Best Snack Options For a Low-Carb Day:
- 2 hard-boiled eggs + ½ avocado sprinkled with hemp seeds
- ¼ cup macadamia nuts
- 2 celery sticks + 2 tbsp nut butter
- 2 oz smoked salmon + ½ cucumber, cut into rounds + sesame seeds (optional)
- Golden Milk: Heat 1/2 cup coconut milk. Whisk in ½ tsp turmeric, 1/8 tsp cinnamon and protein powder (20 g protein; look for collagen, whey, egg or pea). Sweeten with liquid monkfruit, if desired.
Best Snack Options Fora High-Carb Day:
- ½ cup black beans + ⅓ cup brown rice with ¼ tsp cumin + 1 tbsp salsa
- 1 apple + 1 tbsp almond butter
- 2 hard-boiled eggs + 1¼ cups strawberries
- 1 banana + 1 tbsp nut or seed butter
- Protein shake: 2 scoops collagen peptides + 1 small banana + 8 oz unsweetened almond milk
Need an easy way to figure out your high-carb days? Take a low-carb recipe and add a carb up. Each of these whole-food options is approximately 15 grams of carbs, so they can take a low-carb recipe and turn it into a higher-carb meal.
- 1 cup sliced or 1¼ cups whole strawberries
- 2 oz sweet potato
- 1/3 cup cooked brown rice
- 1/2 cup cooked oats
- 1 small or ½ large banana
- 1 small or ½ large orange
- 1 small of ½ large apple
- ½ cup corn or 1 6-inch ear of corn
- 1 cup butternut squash
- 1 slice sprouted bread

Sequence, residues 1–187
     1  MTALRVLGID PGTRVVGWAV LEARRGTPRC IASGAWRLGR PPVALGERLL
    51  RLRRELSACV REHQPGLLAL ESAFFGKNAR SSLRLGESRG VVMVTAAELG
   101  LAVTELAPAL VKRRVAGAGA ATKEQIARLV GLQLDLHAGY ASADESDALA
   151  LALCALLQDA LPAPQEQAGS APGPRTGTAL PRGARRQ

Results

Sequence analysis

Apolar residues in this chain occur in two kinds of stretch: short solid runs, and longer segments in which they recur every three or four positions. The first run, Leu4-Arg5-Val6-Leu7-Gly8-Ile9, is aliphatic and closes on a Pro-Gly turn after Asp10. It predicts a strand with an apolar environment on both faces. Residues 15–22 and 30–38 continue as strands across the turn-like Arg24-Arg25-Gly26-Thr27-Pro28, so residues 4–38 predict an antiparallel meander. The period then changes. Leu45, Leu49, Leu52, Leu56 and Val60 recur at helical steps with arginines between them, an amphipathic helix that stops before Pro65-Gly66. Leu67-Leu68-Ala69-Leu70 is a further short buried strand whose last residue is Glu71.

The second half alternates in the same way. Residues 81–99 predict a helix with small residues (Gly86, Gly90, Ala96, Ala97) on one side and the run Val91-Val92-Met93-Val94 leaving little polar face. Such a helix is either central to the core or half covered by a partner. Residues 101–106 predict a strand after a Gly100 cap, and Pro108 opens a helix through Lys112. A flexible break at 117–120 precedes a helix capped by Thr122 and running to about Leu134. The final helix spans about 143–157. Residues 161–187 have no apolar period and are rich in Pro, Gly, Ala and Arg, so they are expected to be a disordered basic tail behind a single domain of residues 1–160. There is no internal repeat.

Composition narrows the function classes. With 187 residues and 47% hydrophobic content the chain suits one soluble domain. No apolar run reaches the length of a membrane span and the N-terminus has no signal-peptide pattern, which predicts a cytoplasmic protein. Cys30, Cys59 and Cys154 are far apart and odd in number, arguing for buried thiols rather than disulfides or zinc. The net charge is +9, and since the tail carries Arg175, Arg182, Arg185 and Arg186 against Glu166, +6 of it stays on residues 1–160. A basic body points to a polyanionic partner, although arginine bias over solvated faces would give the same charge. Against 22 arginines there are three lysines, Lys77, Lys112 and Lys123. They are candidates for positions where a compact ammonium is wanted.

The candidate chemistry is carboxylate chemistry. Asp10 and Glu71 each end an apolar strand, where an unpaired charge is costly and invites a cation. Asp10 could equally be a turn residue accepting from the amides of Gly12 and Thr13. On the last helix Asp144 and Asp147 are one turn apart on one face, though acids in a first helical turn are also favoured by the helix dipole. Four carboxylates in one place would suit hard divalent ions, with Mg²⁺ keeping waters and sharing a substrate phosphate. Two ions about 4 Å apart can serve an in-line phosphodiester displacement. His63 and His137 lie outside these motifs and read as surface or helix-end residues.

- Other options for carb ups that also add protein:
Approximately 13 to 15 grams carbohydrates and 5 to 6 grams of protein:
- 1/3 cup cooked black beans
- 1/3 cup cooked lentils
Approximately 15 grams of carbohydrates, 15 grams of protein and 8 grams fat:
- 1¼ cups edamame (measured in shell)
Approximately 13 grams carbohydrates, 3 grams of protein and 1 gram fat:
- 1/3 cup cooked quinoa
- Okonomiyaki Pancakes
- Lemongrass Chicken Satays & Shrimp Fried Rice
- Chicken Donair Plate
- Cauliflower Fish Cakes with Coconut Chutney
- Breakfast Pockets
Flank Steak with Chimichurri Sauce & Roasted Carrots
Make Chimichurri: In a blender or food processor, pulse 2 cloves garlic. Add 1 cup cilantro, 1 green onion, ½ Thai red chile pepper, seeded, juice of 1 lemon, 1 tbsp each olive oil and water, ¼ tsp sea salt and ⅛ tsp black pepper; pulse until mixed.
Grill steak and carrots: Cut 8 carrots in half lengthwise. Heat a grill or grill pan to medium-high. Rub carrots with 1 tsp olive oil and season carrots and steak with ¼ tsp each onion powder and ground cumin, ⅛ tsp smoked paprika and pinch each salt and pepper. Cook steak for 3 to 4 minutes, flip and cook 3 to 4 minutes more, or to desired level of doneness. Let rest 10 to 15 minutes. Place carrots on grill and cook, rotating occasionally to get a slight char on each side, about 15 minutes total. Slice steak against the grain. Serve with chimichurri.
Spicy Chicken Fajitas
In a large bowl, whisk together the juice of 1 lime, ½ tbsp olive oil, ½ Thai red chile pepper, seeded and minced, ¼ tsp each smoked paprika, cumin and coriander and pinch each salt and black pepper. Add 12 oz boneless, skinless chicken breast, cut into strips, ½ yellow onion (optional), chopped, and 1 red bell pepper, julienned. Set aside at room temperature for 20 minutes. In a large nonstick skillet (or in a grill pan), heat 1 tbsp olive oil. Add chicken and vegetables, discarding remaining marinade. Cook for 5 minutes, stirring often. Add 1 clove chopped garlic and sauté 1 minute. Squeeze juice of 1 lime over chicken and veggies; cook 1 minute more until chicken is cooked through and vegetables are tender.